Have you ever wondered, why on earth did they call themselves that? When a journalist asked John Lennon why the Beatles were so called, he replied that a man on a flaming pie appeared in a vision and told him what to name the band; an example of John’s surreal humor there. At least an unusual name gets you noticed. Half Man Half Biscuit and Alien Sex Fiend narrowly missed the cut.
No deep reason for this band name. They are self-confessed fans of Depp and who can blame them. The hardcore metal outfit from New York City are controversial due to explicit homoerotic lyrics, which often refer to Depp. Their first full length album is titled ‘The Politics of Cruelty’. They are certainly inventive when it comes to titles for their EP records, such as ‘Erotically Charged Dance Songs for the Desperate’ and ‘Blood: The Natural Lubricant (An Apocalyptic Adventure Beyond Sodom and Gomorrah)’. One wonders what Johnny thinks of all the attention.
9. Bowling for Soup
The punk band from Wichita Falls, Texas likes to make people laugh and is known for their funny lyrics. The video for their best known song, ‘Girl All the Bad Guys Want’, shows the band spoofing other bands. Even their name comes from a comedian. They took inspiration from Steve Martin’s routine, ‘Bowling for Sh**’ on his album, ‘Wild and Crazy Guy’.
8. Wet Wet Wet
This Scottish band had chart success in the 80s and 90s, including a Beatles cover, ‘With a Little Help from My Friends’ and their version of the Troggs’ song, ‘Love Is All Around’, which was used on the soundtrack of ‘Four Weddings and a Funeral’. Lead singer Marti Pellow was a handsome fellow and had one of pop’s finest voices. The band name derives from an admiration for Scritti Politti (another name that could have made the list) and a lyric from the song, ‘Getting, Havin and Holdin’; ‘it’s tired of joking – wet wet with tears’.
7. Duran Duran
The New Romantics were the pin up boys of the 80s. Simon Le Bon and his band mates filled up posters in teenage bedrooms with their big hair. They participated in the Band Aid charity single and in the Philadelphia wing of the Live Aid concert. They also performed the James Bond song for ‘A View to a Kill’. Their big hits were ‘Hungry Like the Wolf’, ‘Rio’, ‘The Wild Boys’, and ‘Save a Prayer’. The name comes from the movie based on a comic book, ‘Barbarella’, directed by Roger Vadim and starring Jane Fonda in 1968. Milo O’Shea plays the villain of the piece, Dr. Durand Durand.
6. New Riders of the Purple Sage
This band is a leading exponent of psychedelic country rock and is still active today, having formed in San Francisco in 1969. They have produced numerous albums and endured through many different line-ups. Jerry Garcia of the Grateful Dead was in the original band. The name takes its inspiration from the best selling western novel, ‘Riders of the Purple Sage’, published in 1912 and written by Zane Grey.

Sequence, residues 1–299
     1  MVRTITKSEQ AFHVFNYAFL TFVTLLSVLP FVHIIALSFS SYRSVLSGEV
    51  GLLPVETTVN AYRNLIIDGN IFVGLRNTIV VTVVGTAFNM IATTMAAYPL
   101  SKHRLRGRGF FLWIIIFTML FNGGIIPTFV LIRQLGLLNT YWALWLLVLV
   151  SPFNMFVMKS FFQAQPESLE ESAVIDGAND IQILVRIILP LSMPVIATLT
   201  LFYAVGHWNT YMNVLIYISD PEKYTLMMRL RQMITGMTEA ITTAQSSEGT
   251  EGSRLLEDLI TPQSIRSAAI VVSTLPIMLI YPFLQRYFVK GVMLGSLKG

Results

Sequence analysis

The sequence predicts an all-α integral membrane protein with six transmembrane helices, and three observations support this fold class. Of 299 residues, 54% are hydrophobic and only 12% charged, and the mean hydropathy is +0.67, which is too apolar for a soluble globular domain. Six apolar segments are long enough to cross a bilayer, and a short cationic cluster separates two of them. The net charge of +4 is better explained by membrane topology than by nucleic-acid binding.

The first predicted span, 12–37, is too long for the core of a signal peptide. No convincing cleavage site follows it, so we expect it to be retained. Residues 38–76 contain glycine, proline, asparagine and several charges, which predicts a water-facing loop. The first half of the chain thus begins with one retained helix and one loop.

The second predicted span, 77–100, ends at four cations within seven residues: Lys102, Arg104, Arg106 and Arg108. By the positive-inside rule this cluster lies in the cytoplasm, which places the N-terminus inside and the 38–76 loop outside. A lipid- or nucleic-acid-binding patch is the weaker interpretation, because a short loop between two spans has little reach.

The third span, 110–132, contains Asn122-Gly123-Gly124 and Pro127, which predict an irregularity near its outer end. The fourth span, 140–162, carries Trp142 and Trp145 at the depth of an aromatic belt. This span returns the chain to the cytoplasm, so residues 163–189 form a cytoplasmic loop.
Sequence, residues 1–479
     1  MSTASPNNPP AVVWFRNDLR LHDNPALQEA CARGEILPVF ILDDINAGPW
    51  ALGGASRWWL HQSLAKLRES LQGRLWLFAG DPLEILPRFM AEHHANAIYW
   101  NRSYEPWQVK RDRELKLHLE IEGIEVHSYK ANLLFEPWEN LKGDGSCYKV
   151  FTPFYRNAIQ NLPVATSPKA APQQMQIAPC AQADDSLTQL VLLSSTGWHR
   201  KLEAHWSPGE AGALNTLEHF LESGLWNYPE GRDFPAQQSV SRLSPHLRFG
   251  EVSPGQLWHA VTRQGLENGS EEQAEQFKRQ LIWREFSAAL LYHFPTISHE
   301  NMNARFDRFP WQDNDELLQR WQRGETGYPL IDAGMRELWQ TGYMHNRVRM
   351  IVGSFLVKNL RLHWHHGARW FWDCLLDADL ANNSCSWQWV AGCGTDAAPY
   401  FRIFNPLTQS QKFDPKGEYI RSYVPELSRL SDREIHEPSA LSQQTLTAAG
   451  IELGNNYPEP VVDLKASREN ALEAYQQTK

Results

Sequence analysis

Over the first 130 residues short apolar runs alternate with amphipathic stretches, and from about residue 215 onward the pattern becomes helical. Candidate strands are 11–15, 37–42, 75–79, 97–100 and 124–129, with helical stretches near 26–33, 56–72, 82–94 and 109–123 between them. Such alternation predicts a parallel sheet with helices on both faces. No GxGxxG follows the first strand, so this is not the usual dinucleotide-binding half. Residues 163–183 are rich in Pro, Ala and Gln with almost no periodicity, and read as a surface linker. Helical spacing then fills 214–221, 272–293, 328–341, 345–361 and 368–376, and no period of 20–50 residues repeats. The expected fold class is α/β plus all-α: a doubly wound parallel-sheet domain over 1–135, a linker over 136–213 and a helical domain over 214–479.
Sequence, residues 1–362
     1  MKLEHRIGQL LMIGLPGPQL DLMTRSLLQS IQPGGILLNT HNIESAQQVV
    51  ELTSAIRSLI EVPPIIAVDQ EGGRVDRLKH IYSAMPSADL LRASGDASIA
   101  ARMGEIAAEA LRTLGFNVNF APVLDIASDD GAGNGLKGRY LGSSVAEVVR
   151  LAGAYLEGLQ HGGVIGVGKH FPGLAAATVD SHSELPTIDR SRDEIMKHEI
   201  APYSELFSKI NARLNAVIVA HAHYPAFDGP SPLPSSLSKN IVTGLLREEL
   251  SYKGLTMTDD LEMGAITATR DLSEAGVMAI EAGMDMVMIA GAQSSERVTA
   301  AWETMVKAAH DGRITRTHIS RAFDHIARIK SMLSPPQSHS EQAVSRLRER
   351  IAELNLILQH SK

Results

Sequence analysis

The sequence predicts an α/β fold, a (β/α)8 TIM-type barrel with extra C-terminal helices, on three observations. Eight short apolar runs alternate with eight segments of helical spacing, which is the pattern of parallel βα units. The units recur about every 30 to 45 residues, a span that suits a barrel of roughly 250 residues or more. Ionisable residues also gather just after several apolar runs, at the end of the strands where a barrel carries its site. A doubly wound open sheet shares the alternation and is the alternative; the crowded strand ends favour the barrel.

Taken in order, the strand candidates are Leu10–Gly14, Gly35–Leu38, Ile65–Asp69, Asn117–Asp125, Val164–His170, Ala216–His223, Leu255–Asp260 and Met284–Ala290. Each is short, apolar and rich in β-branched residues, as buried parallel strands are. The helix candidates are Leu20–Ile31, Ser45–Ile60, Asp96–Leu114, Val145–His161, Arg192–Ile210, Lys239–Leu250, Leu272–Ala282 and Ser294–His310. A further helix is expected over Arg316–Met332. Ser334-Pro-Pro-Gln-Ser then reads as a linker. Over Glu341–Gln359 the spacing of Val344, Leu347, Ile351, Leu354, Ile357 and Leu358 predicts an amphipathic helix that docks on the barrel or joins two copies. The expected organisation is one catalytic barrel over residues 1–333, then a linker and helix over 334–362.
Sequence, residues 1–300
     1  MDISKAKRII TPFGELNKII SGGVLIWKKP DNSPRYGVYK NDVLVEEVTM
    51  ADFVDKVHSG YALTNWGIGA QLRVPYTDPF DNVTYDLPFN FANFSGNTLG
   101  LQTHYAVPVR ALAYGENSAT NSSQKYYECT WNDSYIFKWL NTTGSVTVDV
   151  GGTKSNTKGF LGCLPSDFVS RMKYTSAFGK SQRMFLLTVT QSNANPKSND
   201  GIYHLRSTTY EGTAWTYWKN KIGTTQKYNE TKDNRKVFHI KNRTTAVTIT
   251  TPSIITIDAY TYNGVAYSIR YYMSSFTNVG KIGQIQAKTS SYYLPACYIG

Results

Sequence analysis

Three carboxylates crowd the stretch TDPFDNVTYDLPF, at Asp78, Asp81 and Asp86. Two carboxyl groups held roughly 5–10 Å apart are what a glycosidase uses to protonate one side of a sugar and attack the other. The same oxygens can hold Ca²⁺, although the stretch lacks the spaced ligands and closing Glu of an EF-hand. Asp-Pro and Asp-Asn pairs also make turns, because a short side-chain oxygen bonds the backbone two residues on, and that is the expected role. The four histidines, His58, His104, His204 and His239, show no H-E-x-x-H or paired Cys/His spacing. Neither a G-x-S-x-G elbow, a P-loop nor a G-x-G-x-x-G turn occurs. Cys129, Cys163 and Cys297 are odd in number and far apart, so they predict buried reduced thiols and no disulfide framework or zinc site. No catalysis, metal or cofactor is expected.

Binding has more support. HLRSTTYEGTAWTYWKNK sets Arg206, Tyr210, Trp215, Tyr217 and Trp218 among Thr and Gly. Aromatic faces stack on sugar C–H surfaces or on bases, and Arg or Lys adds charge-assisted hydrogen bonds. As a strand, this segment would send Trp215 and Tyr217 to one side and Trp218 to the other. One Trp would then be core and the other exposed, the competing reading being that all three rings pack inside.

The Bonzo’s were one of the most original bands to appear in the 1960s. Their songs were styled on music hall and traditional jazz. They also parodied the music scene of the time. The members hailed from British art schools and took their name from a cartoon character called Bonzo the Dog by George Studdy and from the art movement, Dada. They had a hit single in 1968 with ‘I’m the Urban Spaceman’ and performed ‘Death Cab for Cutie’ in the Beatles’ film, ‘Magical Mystery Tour’.
4. Death Cab for Cutie
This name is directly linked to the aforementioned Bonzo Dog Doo Dah Band. ‘Death Cab for Cutie’ was written by Neil Innes and Vivian Stanshall for the Bonzo’s 1967 album, ‘Gorilla’. The title is taken from an American pulp fiction crime story magazine and the song is sung as a parody of Elvis. The indie rock band from Bellingham, Washington took the name from the Bonzo’s send up. The band’s output includes six studio albums and four EPs.
3. Gorky’s Zygotic Mynci
A bit of a mouthful admittedly, but it didn’t do the Welsh band any harm. Their brand of alternative rock produced ten albums from 1991 – 2006. Proud of their homeland, they recorded in the Welsh language as well as in English. The origin of the name is broken down as follows: They took ‘Gorky’s’ as a word evolved from ‘Gawky’, ‘Zygotic’ was randomly chosen from the dictionary (it means something to do with cells) and ‘Mynci’ amused them as an ‘alternative way to spell monkey’.
2. Godspeed You! Black Emperor
The nine members are based in Montreal and are known for their lengthy songs. Their music is not easily defined and is influenced by rock, punk and classical. Following three studio albums and one EP, the band has been on an ‘indefinite hiatus’ since 2003. Not many band names manage to have an exclamation mark. The origin is from a Japanese documentary released in 1976, which features a biker gang called The Black Emperors.
1. And You Will Know Us By the Trail of Dead
The six-piece indie rock band from Austin, Texas like to trash their equipment on stage and make a lot of noise (in a good way). The first record was released in 1995 and there have been six studio albums so far. The album covers are lovingly created and are amongst the most artistic. As for the band name origin, they claim that it is taken from an ancient Mayan ritual chant. It is wondered in some quarters however, that they may be pulling our leg.